Note the holes in FIG. 2 number 2 in the drawing, are in the same general angular direction and yet still directing flow both to the body and in a direction that is parallel to the surface of the body. The penetration angle through the wall ofthe tubing is not perpendicular but slanted in the same general direction in all tubing cross sections thus the laminar flow can be created next to the surface of the body. The arrows show the flow of the dry air that escapes from the tubing and dragsother air with it. The holes shown in the cross sectional drawing of the tubing in the vest show an angle of between 25 to 45 degrees of angle from the perpendicular to the body where the air creates a laminar flow on the surface of the body.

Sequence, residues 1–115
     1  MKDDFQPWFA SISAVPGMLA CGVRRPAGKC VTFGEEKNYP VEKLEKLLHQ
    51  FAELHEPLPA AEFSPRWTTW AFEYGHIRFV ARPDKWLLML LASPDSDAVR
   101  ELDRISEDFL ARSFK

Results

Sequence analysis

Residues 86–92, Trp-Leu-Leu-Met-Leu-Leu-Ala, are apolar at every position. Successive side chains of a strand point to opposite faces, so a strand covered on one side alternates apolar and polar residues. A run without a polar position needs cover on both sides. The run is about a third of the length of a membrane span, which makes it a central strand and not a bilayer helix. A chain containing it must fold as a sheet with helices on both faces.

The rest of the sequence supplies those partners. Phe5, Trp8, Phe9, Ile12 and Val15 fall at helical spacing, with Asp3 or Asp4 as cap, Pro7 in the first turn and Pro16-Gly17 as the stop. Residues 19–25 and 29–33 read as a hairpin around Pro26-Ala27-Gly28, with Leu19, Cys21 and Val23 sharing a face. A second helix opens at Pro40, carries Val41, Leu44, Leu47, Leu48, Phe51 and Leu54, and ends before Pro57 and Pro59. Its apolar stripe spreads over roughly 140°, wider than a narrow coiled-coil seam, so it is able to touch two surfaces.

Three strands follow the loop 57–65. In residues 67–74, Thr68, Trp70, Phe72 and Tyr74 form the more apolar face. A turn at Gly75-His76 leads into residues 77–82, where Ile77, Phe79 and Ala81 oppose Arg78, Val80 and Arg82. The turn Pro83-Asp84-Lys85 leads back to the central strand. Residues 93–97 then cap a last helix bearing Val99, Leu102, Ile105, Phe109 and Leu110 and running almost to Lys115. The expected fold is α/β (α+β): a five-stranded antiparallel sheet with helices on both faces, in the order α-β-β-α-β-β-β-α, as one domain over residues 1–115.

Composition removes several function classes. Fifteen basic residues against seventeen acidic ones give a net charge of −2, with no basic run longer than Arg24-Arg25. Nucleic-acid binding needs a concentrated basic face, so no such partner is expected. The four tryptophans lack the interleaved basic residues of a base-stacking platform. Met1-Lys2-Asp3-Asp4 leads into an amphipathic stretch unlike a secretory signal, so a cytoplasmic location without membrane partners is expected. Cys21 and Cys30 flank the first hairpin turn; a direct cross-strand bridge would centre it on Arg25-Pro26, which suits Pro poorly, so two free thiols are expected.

One of the important factors in using pressurized air in cooling a person is that it is dry. It is dry because moisture condenses on the sides of any compressed air container be it either a tank or even the delivery hose. The condensedmoisture typically pools in the bottom of such containers and the air remains drier than the ambient air before being processed with the compressor. This drier air evaporatively cools better because in can dissolve moisture from the skin moreeffectively before becoming saturated. Moisture is more rapidly removed from the skin and thus greater thermal transfer takes place than if the dry air were somehow prevented from contact with the body such as happens with some vortex cooled vests. Thus it is important that a mesh fabric be used next to the body of the wearer and the dry air be allowed to evaporatively cool the person. It is also important that a wind proof covering on the exterior of the vest be used to retain the dry air toallow it time until it becomes saturated rather than immediately dispersing the dry air back into the environment.